By Megan Wanner
When Twitchell first went to Zambia, it was with Elon University’s Habitat for Humanity. While there, she saw a need for more than just housing in Kaoma, the town they visited. In 2004, Twitchell and two of her friends founded Women’s Initiatives that Strengthen and Empower (WISE), a non-profit organization designed to raise money to build a school, orphanage and women’s center for the people of Kaoma.
“It’s a powerful way to make a difference,” Twitchell said. “And I never thought I could, but now I am.”
Within its first year, WISE raised $12,000. The next year the organization raised $30,000. In its third year, $75,000 was raised and $96,000 was raised this past year.
Upon donating, all donors receive a letter updating on the progress of projects WISE is doing in Zambia. Anyone who gives money specifically for a child is given a picture of the child to keep in addition to an update letter.
Providing a drilled well requires $8,000. The first well WISE supported drilling was paid for by the donations of one person donating $10,000. For Zambian women, wells are important for them to have the ability to grow vegetables and banana trees. Having a well nearby also means women do not have to travel as far to get water to use for drinking, cooking and washing clothes. Two more wells have been drilled since the first, the latest this year, bringing a total of three wells to the Zambian people.
Children in Zambia do not have to pay to attend school through ninth grade. However, they are still required to wear uniforms that Kaoman children cannot afford as people typically make a dollar a day in wages. Past ninth grade, families must pay $150 for a year of high school tuition. Through donations and fundraisers, WISE helps to pay for both of these needs in order to give children the education they desire.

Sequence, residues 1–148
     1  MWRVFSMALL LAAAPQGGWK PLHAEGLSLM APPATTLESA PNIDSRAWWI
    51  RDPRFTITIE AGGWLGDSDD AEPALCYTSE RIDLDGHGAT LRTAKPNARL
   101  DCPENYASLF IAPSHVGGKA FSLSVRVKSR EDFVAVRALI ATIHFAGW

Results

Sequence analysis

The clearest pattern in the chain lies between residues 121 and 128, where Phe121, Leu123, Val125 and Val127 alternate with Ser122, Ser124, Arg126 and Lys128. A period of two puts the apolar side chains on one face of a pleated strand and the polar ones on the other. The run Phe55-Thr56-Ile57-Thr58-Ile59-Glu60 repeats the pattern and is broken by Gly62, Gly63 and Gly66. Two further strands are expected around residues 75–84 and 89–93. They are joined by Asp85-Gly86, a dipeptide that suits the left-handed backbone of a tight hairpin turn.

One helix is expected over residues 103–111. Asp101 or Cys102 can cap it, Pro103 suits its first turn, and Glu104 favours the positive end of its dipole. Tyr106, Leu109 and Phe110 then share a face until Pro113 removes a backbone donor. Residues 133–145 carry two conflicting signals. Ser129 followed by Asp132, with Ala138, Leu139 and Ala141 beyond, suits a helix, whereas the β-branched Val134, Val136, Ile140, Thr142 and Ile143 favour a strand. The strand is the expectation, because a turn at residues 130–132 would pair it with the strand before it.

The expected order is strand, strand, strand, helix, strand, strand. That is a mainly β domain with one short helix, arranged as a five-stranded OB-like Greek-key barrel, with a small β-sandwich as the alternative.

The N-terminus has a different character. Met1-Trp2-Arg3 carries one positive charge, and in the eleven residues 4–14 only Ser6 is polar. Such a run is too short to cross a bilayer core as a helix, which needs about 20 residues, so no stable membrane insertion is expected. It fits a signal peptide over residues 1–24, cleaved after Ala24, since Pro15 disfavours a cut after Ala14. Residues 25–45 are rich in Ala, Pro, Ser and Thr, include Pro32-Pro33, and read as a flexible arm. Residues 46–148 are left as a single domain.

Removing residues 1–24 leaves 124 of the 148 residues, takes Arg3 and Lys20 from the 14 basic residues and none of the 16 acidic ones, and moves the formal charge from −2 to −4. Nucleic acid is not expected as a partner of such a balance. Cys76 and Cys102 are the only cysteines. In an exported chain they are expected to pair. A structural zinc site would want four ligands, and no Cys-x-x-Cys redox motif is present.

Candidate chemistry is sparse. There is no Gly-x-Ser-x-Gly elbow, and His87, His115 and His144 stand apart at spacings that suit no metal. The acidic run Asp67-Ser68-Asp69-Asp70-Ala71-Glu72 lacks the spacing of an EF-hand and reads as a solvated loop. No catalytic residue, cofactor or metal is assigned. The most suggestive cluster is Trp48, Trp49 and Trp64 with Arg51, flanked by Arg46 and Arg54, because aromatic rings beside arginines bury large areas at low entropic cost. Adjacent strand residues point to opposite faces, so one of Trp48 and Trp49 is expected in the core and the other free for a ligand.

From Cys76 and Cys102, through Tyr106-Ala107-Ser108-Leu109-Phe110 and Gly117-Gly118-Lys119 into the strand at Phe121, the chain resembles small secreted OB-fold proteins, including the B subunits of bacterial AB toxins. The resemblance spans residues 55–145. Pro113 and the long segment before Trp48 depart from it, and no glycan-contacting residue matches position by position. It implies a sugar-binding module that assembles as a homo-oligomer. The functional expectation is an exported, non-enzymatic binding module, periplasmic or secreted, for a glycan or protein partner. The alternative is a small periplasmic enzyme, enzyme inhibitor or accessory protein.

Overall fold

“When we think about third-world countries, we think they are ignorant but they are not,” Twitchell said. “They are actually very bright.”
Currently, WISE is trying to build a safe house for women who are battered. This house would also provide a place to live during the summer for people who normally live on the high school campus during the school year and cannot go back to the orphanage as it is too full.
“We try to be careful and realize what they need versus what we think they need,” Twitchell said. “It’s important to educate ourselves so we can educate others about what they need.”
Each year, WISE travels to Zambia to provide community service to Zambian villages.
“Really what I’m passionate about is bringing people over and seeing what they do afterwards,” Twitchell said. “I love to see the interaction between Americans and Zambians.”
For more information on WISE and how to get involved, visit http://www.wisezambia.org.